hy2Foam is an open-source two-temperature computational fluid dynamics (CFD) solver that has been developed to tackle the highly complex flow physics of the hypersonic planetary atmospheric entry. Implemented within the OpenFOAM framework, the code has the capability to model physical phenomena relative to the high-speed chemically-reacting environment surrounding a spacecraft. The core of the solver initially relied on OpenFOAM solvers rhoCentralFoam and reactingFoam and it has been complemented with many new features, some of which are listed below

  • non-equilibrium Navier-Stokes-Fourier equations: Park’s two-temperature model is implemented and the choice of having a single or multiple vibrational energy pools is left to the user. The energy transfers taking place between the different energy pools are
    • Vibrational-Translational (V—T)
    • Vibrational-Vibrational (V—V)
    • Heavy-particle — electron (H—e)
  • addition of the electronic and electron energy modes
  • finite-rate chemistry
  • chemistry-vibration coupling: Park TTv model, coupled vibration-dissociation-vibration (CVDV) model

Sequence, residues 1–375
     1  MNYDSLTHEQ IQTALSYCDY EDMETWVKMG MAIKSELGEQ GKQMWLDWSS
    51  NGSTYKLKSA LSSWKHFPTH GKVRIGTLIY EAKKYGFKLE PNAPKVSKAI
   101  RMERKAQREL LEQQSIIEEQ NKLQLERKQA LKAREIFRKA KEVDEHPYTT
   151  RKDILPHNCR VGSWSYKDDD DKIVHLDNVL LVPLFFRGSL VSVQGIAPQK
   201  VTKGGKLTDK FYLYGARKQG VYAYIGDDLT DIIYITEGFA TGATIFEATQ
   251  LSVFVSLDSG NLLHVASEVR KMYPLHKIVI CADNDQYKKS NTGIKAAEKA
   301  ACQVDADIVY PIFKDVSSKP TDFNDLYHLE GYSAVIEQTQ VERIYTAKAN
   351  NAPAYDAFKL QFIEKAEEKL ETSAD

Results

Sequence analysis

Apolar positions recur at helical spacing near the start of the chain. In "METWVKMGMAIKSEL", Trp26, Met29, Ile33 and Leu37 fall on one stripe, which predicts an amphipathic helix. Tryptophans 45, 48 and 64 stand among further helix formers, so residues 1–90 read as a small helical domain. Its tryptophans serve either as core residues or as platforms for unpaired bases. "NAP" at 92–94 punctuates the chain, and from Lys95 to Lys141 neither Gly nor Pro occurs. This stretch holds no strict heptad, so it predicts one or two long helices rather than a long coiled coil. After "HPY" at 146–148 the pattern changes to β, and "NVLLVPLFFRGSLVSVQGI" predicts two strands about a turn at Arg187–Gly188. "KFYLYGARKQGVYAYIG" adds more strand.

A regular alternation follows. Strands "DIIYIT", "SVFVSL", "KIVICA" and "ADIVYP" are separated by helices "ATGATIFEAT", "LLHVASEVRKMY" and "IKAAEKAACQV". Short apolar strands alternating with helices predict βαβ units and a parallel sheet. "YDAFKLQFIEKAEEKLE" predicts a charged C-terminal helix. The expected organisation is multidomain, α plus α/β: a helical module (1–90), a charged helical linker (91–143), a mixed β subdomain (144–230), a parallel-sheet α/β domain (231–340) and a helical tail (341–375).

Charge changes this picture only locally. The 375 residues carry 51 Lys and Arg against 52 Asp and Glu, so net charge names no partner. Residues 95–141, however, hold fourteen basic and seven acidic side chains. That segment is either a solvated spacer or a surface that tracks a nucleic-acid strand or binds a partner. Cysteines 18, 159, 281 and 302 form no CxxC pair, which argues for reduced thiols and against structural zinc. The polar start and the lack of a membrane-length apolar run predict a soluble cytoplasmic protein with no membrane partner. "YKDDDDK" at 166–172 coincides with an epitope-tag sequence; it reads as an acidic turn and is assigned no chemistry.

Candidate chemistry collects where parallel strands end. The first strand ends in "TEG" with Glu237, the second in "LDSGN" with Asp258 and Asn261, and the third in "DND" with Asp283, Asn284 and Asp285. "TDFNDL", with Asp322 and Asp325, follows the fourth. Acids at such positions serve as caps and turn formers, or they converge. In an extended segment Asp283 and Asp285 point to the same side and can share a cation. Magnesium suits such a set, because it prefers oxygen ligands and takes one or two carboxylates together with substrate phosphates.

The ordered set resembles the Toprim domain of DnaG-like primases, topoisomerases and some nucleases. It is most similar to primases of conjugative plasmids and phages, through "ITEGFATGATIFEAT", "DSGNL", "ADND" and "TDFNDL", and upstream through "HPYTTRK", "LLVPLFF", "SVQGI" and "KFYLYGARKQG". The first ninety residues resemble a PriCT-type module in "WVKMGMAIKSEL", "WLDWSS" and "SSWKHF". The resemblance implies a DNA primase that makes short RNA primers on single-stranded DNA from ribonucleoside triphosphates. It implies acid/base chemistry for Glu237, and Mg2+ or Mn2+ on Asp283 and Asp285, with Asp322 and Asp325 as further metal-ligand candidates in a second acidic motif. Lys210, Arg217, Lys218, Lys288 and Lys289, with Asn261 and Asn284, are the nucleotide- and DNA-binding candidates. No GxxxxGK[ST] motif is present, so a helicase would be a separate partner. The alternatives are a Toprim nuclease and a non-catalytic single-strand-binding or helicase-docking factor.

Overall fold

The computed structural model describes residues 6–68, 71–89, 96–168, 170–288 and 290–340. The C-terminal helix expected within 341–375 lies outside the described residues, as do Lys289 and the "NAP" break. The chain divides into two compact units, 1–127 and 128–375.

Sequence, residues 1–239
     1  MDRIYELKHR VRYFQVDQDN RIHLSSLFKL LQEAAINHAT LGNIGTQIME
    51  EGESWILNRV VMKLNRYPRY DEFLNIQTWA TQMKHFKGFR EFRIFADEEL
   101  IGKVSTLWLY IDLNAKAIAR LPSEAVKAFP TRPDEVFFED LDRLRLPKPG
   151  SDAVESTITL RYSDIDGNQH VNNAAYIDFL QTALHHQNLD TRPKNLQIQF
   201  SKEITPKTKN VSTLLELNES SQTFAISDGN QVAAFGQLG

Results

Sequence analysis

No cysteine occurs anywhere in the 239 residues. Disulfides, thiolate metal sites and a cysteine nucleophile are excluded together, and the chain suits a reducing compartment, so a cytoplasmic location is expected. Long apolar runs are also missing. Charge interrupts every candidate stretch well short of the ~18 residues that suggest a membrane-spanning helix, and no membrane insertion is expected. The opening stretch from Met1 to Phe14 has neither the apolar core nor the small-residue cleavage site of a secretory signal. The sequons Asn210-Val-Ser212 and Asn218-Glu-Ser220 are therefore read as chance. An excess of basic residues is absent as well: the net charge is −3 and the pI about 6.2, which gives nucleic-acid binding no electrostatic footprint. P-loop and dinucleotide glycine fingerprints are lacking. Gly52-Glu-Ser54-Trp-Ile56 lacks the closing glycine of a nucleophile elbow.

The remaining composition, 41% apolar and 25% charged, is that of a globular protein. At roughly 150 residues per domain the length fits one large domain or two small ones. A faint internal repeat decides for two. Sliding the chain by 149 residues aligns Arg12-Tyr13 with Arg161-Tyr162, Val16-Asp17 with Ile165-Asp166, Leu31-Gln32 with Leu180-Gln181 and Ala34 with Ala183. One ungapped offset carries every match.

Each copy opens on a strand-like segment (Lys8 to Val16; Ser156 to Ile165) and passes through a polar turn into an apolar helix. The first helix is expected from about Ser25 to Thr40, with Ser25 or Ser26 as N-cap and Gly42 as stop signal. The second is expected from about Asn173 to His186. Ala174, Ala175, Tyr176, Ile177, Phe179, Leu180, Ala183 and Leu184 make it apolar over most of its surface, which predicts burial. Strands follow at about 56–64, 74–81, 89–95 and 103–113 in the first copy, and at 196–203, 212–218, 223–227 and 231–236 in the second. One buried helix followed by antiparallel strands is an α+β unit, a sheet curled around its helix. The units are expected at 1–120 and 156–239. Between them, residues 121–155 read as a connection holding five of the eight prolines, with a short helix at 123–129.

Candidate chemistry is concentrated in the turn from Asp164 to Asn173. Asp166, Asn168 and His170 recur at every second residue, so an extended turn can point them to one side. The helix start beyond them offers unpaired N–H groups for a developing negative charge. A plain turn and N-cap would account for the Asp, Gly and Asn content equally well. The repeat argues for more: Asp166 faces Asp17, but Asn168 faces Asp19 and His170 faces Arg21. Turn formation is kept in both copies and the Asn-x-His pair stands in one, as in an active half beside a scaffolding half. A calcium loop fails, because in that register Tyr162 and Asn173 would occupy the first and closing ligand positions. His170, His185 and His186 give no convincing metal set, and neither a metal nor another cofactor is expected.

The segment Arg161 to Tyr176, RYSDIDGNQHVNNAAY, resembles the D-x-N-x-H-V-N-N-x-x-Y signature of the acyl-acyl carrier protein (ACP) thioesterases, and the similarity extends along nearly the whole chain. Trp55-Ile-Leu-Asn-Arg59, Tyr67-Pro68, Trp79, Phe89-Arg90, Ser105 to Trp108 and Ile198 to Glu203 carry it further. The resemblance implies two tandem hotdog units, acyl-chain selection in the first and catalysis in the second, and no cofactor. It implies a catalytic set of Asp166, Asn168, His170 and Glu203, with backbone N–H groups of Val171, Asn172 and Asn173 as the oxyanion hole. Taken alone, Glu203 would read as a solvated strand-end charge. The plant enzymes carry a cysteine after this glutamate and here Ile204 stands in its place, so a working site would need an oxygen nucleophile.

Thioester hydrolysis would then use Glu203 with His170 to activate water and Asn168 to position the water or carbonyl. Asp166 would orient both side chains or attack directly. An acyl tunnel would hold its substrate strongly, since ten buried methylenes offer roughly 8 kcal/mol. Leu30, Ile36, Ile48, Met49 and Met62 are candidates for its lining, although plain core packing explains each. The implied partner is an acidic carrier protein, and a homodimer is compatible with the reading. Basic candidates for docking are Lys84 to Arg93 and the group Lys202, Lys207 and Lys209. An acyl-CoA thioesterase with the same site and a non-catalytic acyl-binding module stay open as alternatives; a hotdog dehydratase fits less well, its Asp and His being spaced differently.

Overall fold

• customizable chemistry databases (Park 1993, Park 1994, Dunn & Kang 1973, quantum-kinetics: Scanlon 2015) including dissociation, electron impact dissociation, electron impact ionization, associative ionization, exchange and charge exchange reactions
  • capability to handle species with several characteristic vibrational temperatures (e.g., CO2) for the Mars atmospheric entry
  • transport models: Blottner and Eucken, power law and Eucken, Sutherland and Eucken, constant
  • species diffusion models: Lewis number, generalised Fick’s law, SCEBD model, inclusion of the effect of the pressure gradient
  • mixing rules: Wilke, Armaly & Sutton
  • turbulence models (no changes made to OF-v1706): laminar, k-omega SST, k-Epsilon, Spalart Allmaras, etc
  • computation of the convective & diffusive wall heat flux
  • computation of the mean free path and breakdown parameter
  • modifications to the Smoluchowski temperature jump and Maxwell velocity slip boundary conditions. Possibility to gradually increase the inlet flow velocity
  • adaptive mesh refinement (DyM) based on the Mach number gradient or normalised gradients of density or pressure
  • all dictionaries can be re-read on-the-fly which is handy on a high-performance computer
  • layer functions for the strongly-coupled hybrid CFD-DSMC code hyperFoam


This work was initiated at the University of Strathclyde and was funded by the Engineering and Physical Sciences Research Council (EPSRC) from February 2014 until early 2017.
Volunteering work from mid-2017 onwards.

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